Adam Conlon is a former Royal Artillery Army Officer, Afghanistan veteran and experienced inspirational speaker whose stories reveal the lighter side of what life and leading soldiers on the frontline is really like. His first-hand accounts convey the human side of the military, a side that is very rarely revealed.
With no previous military experience Adam joined the Army is 2004 and immediately found that beneath the surface of this very serious looking institution was an incredible world of humour that fuelled camaraderie and teamwork.
The famous comedian and former Royal Artillery soldier, Spike Milligan, famously said in his memories recounting his experiences of the Second World War “that laughter was, I’m sure, the key to victory”. Using his own first-hand accounts as an Officer leading soldiers on the front line in Afghanistan, Adam’s compelling stories explain how the ability to laugh and keep going when the going gets tough is still just as pertinent and still a powerful tool today.
During 2007 – 2009 Adam deployed to Afghanistan on two operational tours. During his first tour he led 30 soldiers on mobile missions across uncharted areas of Helmand Province while being hunted by the Taliban during one of the worst winters in recorded Afghan history. Exposed to the brutal elements Adam’s troop lived on hard routine through freezing conditions while moving across Helmand, providing Artillery support to ground troops. One mission in particular lasted forty-five days and supported the eventual liberation of the strategically important town of Musa Qalah. Keeping morale high in the troop during these dangerous and difficult conditions in the middle of Taliban controlled heartland was vital and Adam’s talks prove how important humour and keeping spirits high really was.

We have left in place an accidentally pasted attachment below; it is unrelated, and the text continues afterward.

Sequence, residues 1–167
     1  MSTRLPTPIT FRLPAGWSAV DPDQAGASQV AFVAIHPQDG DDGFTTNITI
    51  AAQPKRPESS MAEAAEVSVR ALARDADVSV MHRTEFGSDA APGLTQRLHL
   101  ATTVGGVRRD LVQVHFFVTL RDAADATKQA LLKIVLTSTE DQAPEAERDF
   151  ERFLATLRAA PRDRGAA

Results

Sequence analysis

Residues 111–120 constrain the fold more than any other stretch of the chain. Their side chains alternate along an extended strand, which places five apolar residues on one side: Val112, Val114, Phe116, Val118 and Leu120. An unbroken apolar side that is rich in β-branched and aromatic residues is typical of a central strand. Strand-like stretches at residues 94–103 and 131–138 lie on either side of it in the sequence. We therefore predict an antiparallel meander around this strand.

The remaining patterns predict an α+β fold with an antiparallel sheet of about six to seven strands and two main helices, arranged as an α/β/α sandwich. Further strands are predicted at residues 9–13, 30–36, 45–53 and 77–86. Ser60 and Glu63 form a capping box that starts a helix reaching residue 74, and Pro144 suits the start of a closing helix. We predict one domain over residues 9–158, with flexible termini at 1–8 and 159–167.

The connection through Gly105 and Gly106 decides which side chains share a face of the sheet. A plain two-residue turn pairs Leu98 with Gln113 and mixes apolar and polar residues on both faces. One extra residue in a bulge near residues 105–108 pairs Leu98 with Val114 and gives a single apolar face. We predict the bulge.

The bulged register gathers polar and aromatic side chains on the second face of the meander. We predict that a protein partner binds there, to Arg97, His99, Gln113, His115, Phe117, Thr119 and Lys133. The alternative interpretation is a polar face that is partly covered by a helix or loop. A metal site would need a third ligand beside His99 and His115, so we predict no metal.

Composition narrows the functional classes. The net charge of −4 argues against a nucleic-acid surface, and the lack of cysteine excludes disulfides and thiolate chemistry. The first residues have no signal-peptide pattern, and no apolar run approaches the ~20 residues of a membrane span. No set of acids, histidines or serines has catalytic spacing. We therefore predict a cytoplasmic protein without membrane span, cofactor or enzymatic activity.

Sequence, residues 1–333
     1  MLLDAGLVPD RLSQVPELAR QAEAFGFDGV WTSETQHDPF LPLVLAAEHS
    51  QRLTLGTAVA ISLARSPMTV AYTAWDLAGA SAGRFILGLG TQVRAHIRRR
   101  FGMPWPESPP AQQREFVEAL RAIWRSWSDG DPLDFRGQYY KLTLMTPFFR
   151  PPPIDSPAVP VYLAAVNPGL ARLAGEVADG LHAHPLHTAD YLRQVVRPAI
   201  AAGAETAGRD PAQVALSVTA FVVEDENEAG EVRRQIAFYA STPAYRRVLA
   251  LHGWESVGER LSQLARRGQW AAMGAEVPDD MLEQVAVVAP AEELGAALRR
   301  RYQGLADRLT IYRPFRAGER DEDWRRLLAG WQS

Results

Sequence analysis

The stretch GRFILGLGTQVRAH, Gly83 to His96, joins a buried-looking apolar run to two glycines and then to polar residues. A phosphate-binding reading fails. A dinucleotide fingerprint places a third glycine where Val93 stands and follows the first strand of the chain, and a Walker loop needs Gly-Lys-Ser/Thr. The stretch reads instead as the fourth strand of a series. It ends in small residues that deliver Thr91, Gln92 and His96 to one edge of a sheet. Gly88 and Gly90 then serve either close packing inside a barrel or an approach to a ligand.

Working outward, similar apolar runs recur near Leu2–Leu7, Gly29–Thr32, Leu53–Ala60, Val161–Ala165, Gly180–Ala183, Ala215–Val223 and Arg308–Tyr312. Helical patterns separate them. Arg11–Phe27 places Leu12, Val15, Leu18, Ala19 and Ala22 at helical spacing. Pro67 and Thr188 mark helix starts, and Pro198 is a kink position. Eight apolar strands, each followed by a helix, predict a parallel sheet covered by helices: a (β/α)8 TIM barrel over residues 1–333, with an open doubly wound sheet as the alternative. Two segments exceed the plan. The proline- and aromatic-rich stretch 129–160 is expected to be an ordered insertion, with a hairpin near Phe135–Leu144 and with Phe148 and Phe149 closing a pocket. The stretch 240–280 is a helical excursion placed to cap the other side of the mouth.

Adam deployed to Afghanistan again in the summer of 2009 during one of the deadliest periods for British troops as a Forward Operational Officer embedded with the infantry. This tour was during the summer months and temperatures regularly remained above 50 degrees centigrade which made operating in highly dangerous situations a real challenge. Again having a sense of humour was used time and time again to help overcome huge adversity.
If there is one thing soldiers do better than anyone else it’s the ability to take photos and videos of themselves, often in dangerous situations. As a result Adam now has a collection of incredible images and video footage to create an astonishing visual backdrop to his talks, providing an in-depth experience of life on the frontline.